MICHAEL Threlfall’s build-up to this season lasted six months.
In fact, after helping West Warrnambool to its drought-breaking division one premiership in March, cricket never stopped.
The 19-year-old has returned from a stint in England that revolved around cricket.
He played with Alnwick, the oldest cricket club in Northumberland, batting at number three for the first XI. He played Saturdays, in a mid-week competition every Wednesday and in village cricket on Sundays. When he wasn’t playing, he helped coach, score and umpire primary and middle school cricket.
“It was awesome,” Threlfall said.
“If I had the chance I would go back again. They were really welcoming and I had no trouble fitting in. It was a lot of fun.”
Threlfall made an impact despite a rain-ruined season that saw play on just 13 out of 22 Saturdays.
He made 449 runs at an average of 44.9, including his highest score of 124 not out and two half-centuries.
He said the climate in the town with a population of about 8000 was similar to Warrnambool, with the turf wickets slow.
But the conditions taught him a valuable lesson.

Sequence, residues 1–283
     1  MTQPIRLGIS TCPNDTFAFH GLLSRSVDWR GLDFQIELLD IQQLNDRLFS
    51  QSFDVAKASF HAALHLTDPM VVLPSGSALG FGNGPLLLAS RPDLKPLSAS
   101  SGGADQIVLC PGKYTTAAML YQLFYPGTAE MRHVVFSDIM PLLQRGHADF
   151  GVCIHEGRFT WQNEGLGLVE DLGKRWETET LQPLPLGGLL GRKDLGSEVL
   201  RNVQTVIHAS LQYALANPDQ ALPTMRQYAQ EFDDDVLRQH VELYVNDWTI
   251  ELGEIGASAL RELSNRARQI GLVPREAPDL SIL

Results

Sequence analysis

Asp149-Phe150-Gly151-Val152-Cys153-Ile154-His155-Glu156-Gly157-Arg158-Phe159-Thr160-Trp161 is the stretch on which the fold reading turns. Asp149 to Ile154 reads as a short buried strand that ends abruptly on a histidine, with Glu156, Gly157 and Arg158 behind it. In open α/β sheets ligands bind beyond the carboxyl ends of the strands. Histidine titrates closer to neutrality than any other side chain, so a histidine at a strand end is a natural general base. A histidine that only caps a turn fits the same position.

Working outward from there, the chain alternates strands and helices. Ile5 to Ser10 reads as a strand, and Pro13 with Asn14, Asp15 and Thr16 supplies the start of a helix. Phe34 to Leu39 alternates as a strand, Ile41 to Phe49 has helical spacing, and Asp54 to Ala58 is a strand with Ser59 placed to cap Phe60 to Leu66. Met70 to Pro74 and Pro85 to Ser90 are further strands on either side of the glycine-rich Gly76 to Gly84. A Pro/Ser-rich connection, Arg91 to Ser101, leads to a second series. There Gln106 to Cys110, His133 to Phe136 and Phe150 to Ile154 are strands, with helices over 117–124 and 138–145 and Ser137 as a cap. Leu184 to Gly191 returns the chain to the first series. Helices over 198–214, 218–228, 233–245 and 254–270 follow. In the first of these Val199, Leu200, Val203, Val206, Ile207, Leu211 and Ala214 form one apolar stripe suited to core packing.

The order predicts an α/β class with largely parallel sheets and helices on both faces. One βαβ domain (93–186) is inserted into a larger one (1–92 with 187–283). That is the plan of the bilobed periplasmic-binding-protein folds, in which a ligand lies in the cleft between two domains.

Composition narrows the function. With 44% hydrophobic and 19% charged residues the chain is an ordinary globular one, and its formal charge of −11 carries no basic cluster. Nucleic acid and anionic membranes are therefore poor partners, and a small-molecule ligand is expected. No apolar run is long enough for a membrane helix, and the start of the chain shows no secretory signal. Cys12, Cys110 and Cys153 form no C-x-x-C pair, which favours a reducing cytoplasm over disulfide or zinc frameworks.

“You need patience when you bat. The ball comes on so slow. There is not a lot of bounce over there,” he said. “That was the main thing. Over here because the wickets are harder you can get away with it, but you just have to be patient.”
He returned home just five days before opening the batting for the Panthers in last Saturday’s win over Allansford. He made 29 on a synthetic-matting pitch.
“I haven’t played on a hard wicket for so long, since the start of last season,” he said.
“There are only a few over there. Even the under nines play on turf because they don’t have football. The grounds are all cricket grounds and they can prepare turf wickets when they want to.”
Today Threlfall and his Panthers teammates face the undefeated Woodford at Bushfield in a critical match before moving to turf wickets next week.
Threlfall, who is likely to pursue his deferred sports science degree at Deakin University’s Geelong campus next year, is hoping the Panthers can have another successful season.
Woodford is one of three sides which have won both their opening matches, while West is fourth on the table, having had a win from one game after the opening match was washed out.
In other matches today, last season’s grand finalist Nestles hosts Merrivale as it chases its first win of the season and Brierly-Christ Church hosts Russells Creek.
Dennington will celebrate veteran Terry Beks’ 300th division one match when it plays Port Fairy away, while division two grand finalists Nirranda and East Warrnambool-YCW clash at Nirranda.